Unlike previous approaches using computer models to determine how the charged particles arrange themselves, the new research involves experimentation, instead targeting the simple defects in the crystal structure and determining how the particles and defects find their most stable arrangement.

To create the spherical crystals, the researchers coaxed polystyrene beads (only one micron in diameter) to congregate around and completely cover tiny balls of water (tens of microns in diameter) suspended in an oily mixture.

The team then used a light microscope to view the spheres and digitally traced images of the crystalline patterns. Whereas a flat crystal pattern would consist of a regular pattern of adjacent, equilateral triangles, the researchers found the triangular pattern of the spherical crystal was disrupted and squeezed due to defects (a bead would have five or seven close neighbors instead of the six it would in a perfect lattice).

"We found that curvature can fundamentally change the arrangement of particles on the surface," said Bowick.

Smaller spheres had twelve isolated defects, but larger spheres showed jagged strings of defects the researchers dubbed scars. The scars are a coalescence of simple defects in the lattice pattern that begin and end within the crystal, unlike similar structures in flat crystals which begin and end at crystal surfaces. The researchers observed that the scars erupt in a predictable way based upon the size of the sphere and consistent with the predictions of their theory.

"These structures are a signature of the curved geometry and do not depend on the details of the particle interactions on the surface," said Bowick. "The scars should appear in any type of spherical packing or crystallization."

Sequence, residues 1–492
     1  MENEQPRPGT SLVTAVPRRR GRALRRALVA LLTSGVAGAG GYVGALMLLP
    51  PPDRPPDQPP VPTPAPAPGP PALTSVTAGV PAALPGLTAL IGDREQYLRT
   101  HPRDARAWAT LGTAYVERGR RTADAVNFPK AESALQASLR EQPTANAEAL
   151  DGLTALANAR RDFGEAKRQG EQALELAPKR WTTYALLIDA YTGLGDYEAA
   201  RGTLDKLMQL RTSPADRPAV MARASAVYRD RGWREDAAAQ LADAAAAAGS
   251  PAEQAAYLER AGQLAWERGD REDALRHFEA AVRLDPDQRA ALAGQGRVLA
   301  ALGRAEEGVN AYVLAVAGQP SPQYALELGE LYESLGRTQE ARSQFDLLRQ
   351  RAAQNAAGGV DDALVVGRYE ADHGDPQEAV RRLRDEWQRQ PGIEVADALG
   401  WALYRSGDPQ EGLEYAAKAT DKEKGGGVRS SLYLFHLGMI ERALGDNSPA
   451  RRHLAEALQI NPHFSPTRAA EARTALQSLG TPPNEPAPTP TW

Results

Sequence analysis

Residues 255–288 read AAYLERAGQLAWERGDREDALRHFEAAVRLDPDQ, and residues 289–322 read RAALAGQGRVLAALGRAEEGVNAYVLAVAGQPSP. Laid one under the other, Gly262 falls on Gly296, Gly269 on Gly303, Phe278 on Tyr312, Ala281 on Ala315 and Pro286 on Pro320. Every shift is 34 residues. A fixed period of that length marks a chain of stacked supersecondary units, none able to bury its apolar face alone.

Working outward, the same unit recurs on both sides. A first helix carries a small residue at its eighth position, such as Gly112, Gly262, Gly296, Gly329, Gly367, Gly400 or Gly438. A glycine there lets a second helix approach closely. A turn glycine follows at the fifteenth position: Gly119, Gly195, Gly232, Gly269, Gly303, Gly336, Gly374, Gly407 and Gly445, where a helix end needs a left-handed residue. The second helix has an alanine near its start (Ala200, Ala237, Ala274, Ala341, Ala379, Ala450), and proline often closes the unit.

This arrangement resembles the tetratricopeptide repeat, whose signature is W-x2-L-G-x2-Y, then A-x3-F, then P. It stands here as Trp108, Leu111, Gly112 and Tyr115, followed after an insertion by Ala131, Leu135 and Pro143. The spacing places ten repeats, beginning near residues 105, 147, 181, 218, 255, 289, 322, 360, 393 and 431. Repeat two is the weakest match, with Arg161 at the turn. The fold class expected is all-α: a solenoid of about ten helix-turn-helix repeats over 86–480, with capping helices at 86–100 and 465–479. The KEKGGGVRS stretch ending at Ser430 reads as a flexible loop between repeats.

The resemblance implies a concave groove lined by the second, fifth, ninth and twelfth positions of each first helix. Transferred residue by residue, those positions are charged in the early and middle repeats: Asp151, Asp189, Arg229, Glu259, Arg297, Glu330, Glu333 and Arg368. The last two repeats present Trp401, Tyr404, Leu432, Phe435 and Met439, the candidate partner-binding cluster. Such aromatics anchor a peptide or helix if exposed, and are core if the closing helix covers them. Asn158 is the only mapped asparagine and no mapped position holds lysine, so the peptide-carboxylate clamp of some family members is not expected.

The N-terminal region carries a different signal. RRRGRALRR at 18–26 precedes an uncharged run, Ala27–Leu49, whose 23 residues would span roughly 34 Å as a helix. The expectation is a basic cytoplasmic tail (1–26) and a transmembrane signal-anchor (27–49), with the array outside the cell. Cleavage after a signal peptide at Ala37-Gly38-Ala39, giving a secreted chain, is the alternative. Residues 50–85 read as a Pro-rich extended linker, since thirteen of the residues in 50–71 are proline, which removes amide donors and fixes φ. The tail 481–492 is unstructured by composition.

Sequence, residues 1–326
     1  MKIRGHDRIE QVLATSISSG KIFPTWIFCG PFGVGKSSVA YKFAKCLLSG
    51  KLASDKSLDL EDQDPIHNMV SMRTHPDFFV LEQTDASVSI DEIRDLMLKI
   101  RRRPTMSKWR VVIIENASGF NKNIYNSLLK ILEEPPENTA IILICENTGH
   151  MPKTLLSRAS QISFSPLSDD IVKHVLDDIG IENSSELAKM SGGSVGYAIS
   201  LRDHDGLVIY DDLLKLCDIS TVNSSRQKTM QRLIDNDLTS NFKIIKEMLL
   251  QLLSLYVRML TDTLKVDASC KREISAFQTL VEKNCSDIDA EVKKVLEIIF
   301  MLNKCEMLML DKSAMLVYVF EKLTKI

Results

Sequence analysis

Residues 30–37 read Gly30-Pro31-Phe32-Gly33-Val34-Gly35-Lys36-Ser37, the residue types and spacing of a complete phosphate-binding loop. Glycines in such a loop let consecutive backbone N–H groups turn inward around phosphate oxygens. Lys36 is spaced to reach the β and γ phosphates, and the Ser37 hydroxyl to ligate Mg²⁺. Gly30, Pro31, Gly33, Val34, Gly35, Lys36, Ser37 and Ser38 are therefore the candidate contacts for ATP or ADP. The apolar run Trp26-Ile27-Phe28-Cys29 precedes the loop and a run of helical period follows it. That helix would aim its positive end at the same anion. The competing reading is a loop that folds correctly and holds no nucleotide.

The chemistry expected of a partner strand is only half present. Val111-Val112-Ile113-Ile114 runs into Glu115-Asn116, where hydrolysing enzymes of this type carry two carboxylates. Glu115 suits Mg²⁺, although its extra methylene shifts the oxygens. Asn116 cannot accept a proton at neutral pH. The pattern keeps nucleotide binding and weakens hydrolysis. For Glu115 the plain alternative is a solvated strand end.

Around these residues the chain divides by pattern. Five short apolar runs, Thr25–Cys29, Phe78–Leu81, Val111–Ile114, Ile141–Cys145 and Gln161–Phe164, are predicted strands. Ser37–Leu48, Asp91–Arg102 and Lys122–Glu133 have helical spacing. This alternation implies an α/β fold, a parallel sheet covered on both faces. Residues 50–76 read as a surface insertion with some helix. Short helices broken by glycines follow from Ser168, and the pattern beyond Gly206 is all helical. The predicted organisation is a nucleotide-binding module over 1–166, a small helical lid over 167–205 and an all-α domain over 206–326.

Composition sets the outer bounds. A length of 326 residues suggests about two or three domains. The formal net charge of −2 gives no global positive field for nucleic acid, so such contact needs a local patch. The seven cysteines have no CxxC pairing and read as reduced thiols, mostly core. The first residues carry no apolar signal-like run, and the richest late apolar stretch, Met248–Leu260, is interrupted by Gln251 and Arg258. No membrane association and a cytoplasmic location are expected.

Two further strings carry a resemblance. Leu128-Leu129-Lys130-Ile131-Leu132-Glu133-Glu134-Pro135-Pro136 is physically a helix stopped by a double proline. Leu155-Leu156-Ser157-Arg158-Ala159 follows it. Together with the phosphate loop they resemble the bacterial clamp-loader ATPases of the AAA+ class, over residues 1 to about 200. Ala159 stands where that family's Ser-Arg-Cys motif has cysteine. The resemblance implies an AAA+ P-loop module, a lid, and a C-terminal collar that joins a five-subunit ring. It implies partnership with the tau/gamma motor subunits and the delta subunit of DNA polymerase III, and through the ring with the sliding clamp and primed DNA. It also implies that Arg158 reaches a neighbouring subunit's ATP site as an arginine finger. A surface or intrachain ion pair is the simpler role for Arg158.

In addition to confirmation of the researchers’ approach, the new findings also shed light on how such structures form and persist in nature. Some viruses, such as the monkey cancer virus SV40, and some bacteria have similar spherical structures - knowledge of scar formation may reveal how to target chemical reactions at those sites, potentially leading to treatments for similar pathogens.

The research also sheds light on some of the most prevalent structures in nanoscale science and engineering, the fullerenes. Knowing how defects can arise within nanostructures may help researchers devise better methods to create fullerenes or other large molecules with desirable characteristics.

Josh Chamot | NSF News
Further information:
http://www.physics.iastate.edu/staff/travesset/Collo.htm
http://www.deas.harvard.edu/projects/weitzlab/
http://www.nsf.gov

More articles from Physics and Astronomy:

nachricht Physicists discover that lithium oxide on tokamak walls can improve plasma performance
22.05.2017 | DOE/Princeton Plasma Physics Laboratory

nachricht Experts explain origins of topographic relief on Earth, Mars and Titan
22.05.2017 | City College of New York

All articles from Physics and Astronomy >>>

The most recent press releases about innovation >>>

Die letzten 5 Focus-News des innovations-reports im Überblick: